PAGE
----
Queen Victoria Building

Queen Victoria Building, George Street, Sydney NSW, Australia

Whether you’re an architecture nerd, a history buff, a shopaholic or all three, the Queen Victoria Building (more commonly known as the QVB) in the heart of George Street’s retail precinct is sure to get your senses going.

Completed in 1893, the six year construction allowed the Government to provide employment to a slew of otherwise out-of-work craftsman struggling under a period of recession.

Despite the economic doom and gloom of the era, the QVB’s monumental scale and elaborate Romanesque architecture was intended as a symbol of confidence in the British Empire and a grandiose tribute to Queen Victoria. Her massive, enthroned bronze statues still stands out the front, on the corner of George and Druitt streets. 

Taking up an entire city block, the QVB was originally a concert hall. It gradually transformed into what it is today – a fancy, three storey retail arcade home to over 200 outlets – restaurants, cafes and high-end shops including some of the most prestigious national and global fashion brands.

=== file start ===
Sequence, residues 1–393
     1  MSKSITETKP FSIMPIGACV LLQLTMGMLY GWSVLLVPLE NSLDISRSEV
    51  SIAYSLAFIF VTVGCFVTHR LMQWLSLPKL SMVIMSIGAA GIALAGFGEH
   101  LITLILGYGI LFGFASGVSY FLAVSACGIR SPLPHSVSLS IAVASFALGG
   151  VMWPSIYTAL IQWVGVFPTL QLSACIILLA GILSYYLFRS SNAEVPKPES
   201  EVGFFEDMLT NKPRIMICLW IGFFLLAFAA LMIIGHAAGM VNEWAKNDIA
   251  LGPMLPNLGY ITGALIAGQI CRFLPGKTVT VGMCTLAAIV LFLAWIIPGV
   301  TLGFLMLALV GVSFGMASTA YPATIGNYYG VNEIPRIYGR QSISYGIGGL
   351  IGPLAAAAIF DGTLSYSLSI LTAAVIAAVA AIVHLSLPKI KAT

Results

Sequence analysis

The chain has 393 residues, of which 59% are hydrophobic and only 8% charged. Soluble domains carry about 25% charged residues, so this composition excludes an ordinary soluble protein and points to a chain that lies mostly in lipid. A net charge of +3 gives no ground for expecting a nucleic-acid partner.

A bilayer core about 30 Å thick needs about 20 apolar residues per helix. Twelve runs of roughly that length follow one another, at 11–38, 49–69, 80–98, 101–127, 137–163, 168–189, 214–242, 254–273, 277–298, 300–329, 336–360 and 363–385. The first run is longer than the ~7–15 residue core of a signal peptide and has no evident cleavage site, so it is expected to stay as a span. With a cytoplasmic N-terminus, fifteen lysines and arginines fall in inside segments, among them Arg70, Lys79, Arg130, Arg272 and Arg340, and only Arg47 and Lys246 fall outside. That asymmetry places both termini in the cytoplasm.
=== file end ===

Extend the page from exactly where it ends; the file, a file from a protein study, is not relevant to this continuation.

One of the CBD’s most enduring landmarks, the QVB was almost demolished after decades of neglect from the late 1950s, right up to its re-opening in 1986, after a $48 million cash injection from a Malaysian company saw the building restored to its former grandeur.

The QVB is worth a visit purely for its incredible architecture – no other historical building in Sydney matches it for sheer extravagance. The interiors were designed to resemble a Byzantine palace, with exquisite stained glass windows and a grand original 19th century staircase. From the ground floor you can look straight up into the interior of the enormous glass and copper central dome. There’s also a fantastic mechanical clock with a moving tableau displaying scenes of British royalty once every hour. 


Queen Victoria Building, George Street, Sydney NSW, Australia